The label for each of these pieces includes the item’s call number. That means that once the exhibit comes down in two weeks, you can hold them in your hand, sketch from them, take photos, and more. You don’t need a library card to look at these materials. You don’t even need to be a Philadelphia resident, you can be visiting from Tucson, you just need to show an ID.

There are also special collections dedicated to children’s literature, ephemera and printed books, one of which is also at the Free Library of Philadelphia, and you, as a writer or illustrator, or a casual reader, can access any of these things. The Children’s Literature Research Collection (CLRC) is one of the largest research collections dedicated to children’s literature in a public library at 80,000-90,000 volumes, with both rare or out-of-print materials as well as artist materials.

from the dummy for RUFUS by Tomi Ungerer

from the dummy for CRICTOR by Tomi Ungerer

Christopher Brown is the Special Collections Curator at CLRC, and he mentioned that everyone is welcome to use the collection. When you meet with Brown, you are getting the individualized attention from a specialist; an expert who is enthusiastic to share the collection with you, a collection that includes dummies from Tomi Ungerer, William Steig, and Lloyd Alexander; art from Katherine Milhous, N.C. Wyeth, and Virginia Lee Burton (like every single scrap from LIFE STORY); the entire collection of children’s book week posters, and a growing collection of items from folks making picture books now, including Angela Dominguez, Isabel Roxas, Greg Pizzoli, Zach Ohora, Lauren Castillo, and more.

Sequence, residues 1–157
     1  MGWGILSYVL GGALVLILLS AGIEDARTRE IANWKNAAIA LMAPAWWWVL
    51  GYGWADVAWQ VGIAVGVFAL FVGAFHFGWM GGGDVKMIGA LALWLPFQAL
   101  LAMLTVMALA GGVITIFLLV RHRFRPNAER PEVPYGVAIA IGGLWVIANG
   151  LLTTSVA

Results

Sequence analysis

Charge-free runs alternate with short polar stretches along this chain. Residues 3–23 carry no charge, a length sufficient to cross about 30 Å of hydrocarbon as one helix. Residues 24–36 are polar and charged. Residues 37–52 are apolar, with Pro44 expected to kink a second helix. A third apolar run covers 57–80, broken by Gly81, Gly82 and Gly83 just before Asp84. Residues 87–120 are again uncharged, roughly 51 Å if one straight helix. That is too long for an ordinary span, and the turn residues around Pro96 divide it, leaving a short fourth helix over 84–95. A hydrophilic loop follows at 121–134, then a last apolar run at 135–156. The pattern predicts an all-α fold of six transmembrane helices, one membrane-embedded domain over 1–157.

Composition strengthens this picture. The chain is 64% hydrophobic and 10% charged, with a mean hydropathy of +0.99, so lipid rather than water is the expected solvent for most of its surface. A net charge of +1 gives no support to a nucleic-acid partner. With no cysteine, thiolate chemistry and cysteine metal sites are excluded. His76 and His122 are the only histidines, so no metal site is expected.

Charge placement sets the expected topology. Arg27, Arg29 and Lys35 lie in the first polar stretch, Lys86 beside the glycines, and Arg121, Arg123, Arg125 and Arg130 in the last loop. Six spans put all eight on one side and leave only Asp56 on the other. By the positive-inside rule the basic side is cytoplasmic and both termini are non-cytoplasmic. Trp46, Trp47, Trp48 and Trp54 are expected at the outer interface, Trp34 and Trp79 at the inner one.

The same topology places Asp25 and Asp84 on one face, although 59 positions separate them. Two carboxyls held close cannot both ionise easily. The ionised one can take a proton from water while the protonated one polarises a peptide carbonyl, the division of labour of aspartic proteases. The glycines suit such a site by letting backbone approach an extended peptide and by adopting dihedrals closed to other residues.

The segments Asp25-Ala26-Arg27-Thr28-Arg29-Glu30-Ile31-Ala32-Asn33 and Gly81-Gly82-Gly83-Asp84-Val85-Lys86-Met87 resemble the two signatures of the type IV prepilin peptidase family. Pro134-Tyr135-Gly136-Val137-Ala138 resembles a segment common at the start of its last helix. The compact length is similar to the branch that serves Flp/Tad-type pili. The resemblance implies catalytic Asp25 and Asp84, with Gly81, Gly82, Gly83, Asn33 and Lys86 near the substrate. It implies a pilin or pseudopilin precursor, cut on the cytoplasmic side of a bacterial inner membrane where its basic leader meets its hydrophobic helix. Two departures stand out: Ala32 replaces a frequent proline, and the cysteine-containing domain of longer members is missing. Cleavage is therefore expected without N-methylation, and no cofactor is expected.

from MARIA HAD A LITTLE LLAMA, Angela Dominguez (2015)
Know that you have to set up an appointment (call or email), and they’ll do their best to accommodate and welcome you. You can't just show up like you can in the Art department, particularly now because their materials are held in offsite storage while the building is going through renovations. You don’t need a library card (again just an ID). Brown said that mostly people use the collection to find inspiration, or to see how something was made, and when they have questions about an individual piece (e.g., “was this made with gouache?”) they typically have a direct line of contact to the creator of the estate directly to get answers.

drawings from MR. POPPER'S PENGUINS by Robert Lawson

Another reason to call or email and ask for materials, rather than search the Free Library’s catalog online, is that only around 50% of the CLRC is digitally catalogued. The catalog was originally archived through a physical card catalog, and with so many materials and a small department, the staff is in a very long game of catch-up. So if you want to get a sense for what they have, you have to ask.

Asking for help can be intimidating at a place like the FLP, particularly if you’re coming from the stance of “I’m just a humble doodler, I’m not a researcher with the backing of an academic institution.” You’re wrong, anyone can access this stuff. Personally, I have a hard time approaching anyone at a desk (I can barely talk to people on the phone), and with the FLP you literally enter a marble atrium, ascend a marble staircase, and enter a huge room with some people sitting behind a large officious desk. All of these librarians I talked to reassured me that all writers and illustrators need to just ask. The librarian is there because they know their stuff, and they want to help you find resources. A good place to start is by telling them what you like and what you’re looking to see (I mentioned that I was really into Kuniyoshi and stories of yokai, and Josan pointed me to their early edition collection of Hokusai’s manga):